Pakistan submits reply with ICJ in Kulbhushan Jadhav’s case

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  • Pakistani lawyer says ICJ unlikely to acquit Jadhav

Pakistan has submitted its reply with the International Court of Justice (ICJ) in the case pertaining to Indian terrorist Kulbhushan Jadhav, media reports say.

This is the second reply that Pakistan submitted which addresses all the questions posed by India, reports say, adding that the previous reply was submitted by Pakistan on December 13, 2017.

According to reports, the 400-page-long reply was submitted to the ICJ by Dr Fareeha Baig.

The ICJ is currently hearing an Indian petition challenging Pakistan’s refusal to grant consular access to the spy. A memorial by India and counter-memorial by Pakistan have been submitted in the case.

The oral arguments are yet to commence as the court had allowed further written pleadings in the case by India till April 17, 2018, while allowing Pakistan to submit its rejoinder till July 17.

Meanwhile, the lawyer representing Pakistan in the Kulbushan Jadhav case in the ICJ, Khawar Qureshi has claimed that evidence has been discovered that the Indian spy used his passport issued by the Indian authorities to travel to and fro from India at least 17 times.

In an interview with a local media outfit, Qureshi said, “The inference is that India gave Jadhav the false Muslim identity for improper purposes. India’s answer has been to say it does not need to answer this point.”

During his conversation with the outlet, Khawar summarised a few key points of the case.

He said, “India says Jadhav recently retired from the Indian Navy and suggests he was kidnapped from Iran and smuggled into Pakistan to extract a false confession. India says the entire legal process against him in Pakistan was unfair, and demands that the ICJ at least orders his acquittal or release. India says Jadhav should have been given immediate consular access.”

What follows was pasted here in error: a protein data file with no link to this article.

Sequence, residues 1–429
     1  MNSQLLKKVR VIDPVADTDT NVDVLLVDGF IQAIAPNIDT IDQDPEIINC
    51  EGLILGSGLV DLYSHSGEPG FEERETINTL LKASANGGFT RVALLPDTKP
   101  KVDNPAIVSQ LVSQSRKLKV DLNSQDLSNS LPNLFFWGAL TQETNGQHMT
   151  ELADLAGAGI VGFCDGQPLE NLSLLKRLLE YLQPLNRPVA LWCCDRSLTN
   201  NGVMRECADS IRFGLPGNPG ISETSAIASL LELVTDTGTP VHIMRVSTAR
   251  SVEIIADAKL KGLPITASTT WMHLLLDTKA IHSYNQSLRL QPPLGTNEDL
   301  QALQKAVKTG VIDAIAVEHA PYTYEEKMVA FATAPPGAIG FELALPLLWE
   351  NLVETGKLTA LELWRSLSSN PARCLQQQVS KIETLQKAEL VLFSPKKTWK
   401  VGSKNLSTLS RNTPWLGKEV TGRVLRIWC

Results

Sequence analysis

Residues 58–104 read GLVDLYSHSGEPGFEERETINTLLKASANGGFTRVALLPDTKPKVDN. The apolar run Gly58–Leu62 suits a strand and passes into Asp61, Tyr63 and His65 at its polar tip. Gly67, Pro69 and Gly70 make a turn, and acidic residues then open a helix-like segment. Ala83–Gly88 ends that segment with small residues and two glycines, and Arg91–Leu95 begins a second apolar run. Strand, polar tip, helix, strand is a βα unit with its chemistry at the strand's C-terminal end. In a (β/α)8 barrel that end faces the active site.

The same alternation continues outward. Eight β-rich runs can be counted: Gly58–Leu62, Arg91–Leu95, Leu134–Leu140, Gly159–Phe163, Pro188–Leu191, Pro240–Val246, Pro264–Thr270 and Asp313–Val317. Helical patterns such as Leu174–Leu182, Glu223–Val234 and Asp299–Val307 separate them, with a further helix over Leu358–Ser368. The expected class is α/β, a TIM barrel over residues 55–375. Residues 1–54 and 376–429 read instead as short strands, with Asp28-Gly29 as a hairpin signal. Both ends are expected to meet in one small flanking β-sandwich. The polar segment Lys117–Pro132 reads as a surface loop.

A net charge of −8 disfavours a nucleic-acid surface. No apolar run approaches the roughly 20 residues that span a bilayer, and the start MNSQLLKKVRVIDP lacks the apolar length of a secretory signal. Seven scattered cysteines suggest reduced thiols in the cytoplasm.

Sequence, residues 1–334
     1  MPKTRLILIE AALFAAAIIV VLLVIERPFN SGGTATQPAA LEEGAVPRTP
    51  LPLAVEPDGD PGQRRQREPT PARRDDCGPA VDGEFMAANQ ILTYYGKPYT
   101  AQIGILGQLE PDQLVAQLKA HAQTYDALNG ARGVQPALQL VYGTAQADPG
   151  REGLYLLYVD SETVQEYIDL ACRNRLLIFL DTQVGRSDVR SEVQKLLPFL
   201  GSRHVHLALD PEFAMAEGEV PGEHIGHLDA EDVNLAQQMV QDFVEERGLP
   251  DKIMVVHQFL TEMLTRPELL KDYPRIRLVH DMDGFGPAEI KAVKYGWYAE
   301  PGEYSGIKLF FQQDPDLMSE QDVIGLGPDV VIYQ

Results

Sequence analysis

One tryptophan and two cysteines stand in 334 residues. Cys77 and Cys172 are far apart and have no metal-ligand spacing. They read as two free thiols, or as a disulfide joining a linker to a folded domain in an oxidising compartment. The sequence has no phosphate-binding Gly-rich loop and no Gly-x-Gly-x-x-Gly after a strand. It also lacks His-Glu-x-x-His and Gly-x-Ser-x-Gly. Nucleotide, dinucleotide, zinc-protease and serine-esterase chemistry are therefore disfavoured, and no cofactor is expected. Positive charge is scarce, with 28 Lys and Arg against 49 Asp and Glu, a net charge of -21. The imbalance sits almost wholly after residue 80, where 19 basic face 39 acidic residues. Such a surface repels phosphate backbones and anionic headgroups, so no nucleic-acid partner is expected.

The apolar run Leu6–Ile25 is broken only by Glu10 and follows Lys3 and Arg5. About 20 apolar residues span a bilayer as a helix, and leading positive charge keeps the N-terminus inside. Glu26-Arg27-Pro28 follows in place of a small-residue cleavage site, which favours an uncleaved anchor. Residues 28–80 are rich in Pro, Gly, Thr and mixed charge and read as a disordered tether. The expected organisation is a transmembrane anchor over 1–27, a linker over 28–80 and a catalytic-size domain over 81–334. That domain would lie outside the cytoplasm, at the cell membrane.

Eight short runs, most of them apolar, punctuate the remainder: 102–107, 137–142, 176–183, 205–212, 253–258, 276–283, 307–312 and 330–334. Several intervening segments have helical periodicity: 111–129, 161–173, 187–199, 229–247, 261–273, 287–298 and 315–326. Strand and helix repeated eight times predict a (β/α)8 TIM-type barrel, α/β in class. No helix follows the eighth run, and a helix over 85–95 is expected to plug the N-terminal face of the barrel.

“Pakistan says Jadhav was a naval commander who was working for Indian spy agency RAW when arrested. The ICJ has been asked to consider whether individuals suspected of espionage had in practice often been excluded from the right to a consular access-an argument never raised or considered previously. The ICJ has now exceptionally invited all states that signed the Vienna Convention on Consular Relations (VCCR) to respond to Pakistan’s argument on this point, which is based upon the material practice of the US, Soviet Union and China, including the famous Gary Powers case (given the Hollywood treatment in The Bridge of Spies), as well as commentaries from experts in this field,” he said.

Replying to a question, he said: “I submitted on May 15, 2017, and repeat, the ICJ has never ordered acquittal or release (as India at least seeks), and all its previous decisions indicate it would never do so.”

On April 10, 2017, a military court passed a death sentence after hearing the case and convicting Jhadav.

Jadhav was arrested in Balochistan and had entered Pakistan from Iran and was carrying an Indian passport in the name of ‘Hussein Mubarak Patel’.

His confession was shared stating that he was a serving Indian navy commander seconded to RAW (the Indian intelligence’s Research and Analysis Wing), who was involved in crimes of espionage and terrorism directed toward the infrastructure and people of Pakistan, including Gwadar port and CPEC facilities.

From March 25, 2016, onwards, India had sought consular access to Jadhav, which was earlier denied.

On May 8, 2017, India made an application to the ICJ arguing that Pakistan had violated the VCCR by denying consular access and that the military court trial/conviction was “flagrantly unfair”. India demanded that the ICJ should immediately make an order (without any hearing) that Pakistan should not execute Jadhav pending the full hearing of India’s claims.

On May 18, 2017, ICJ stayed Jadhav’s execution through an interim order.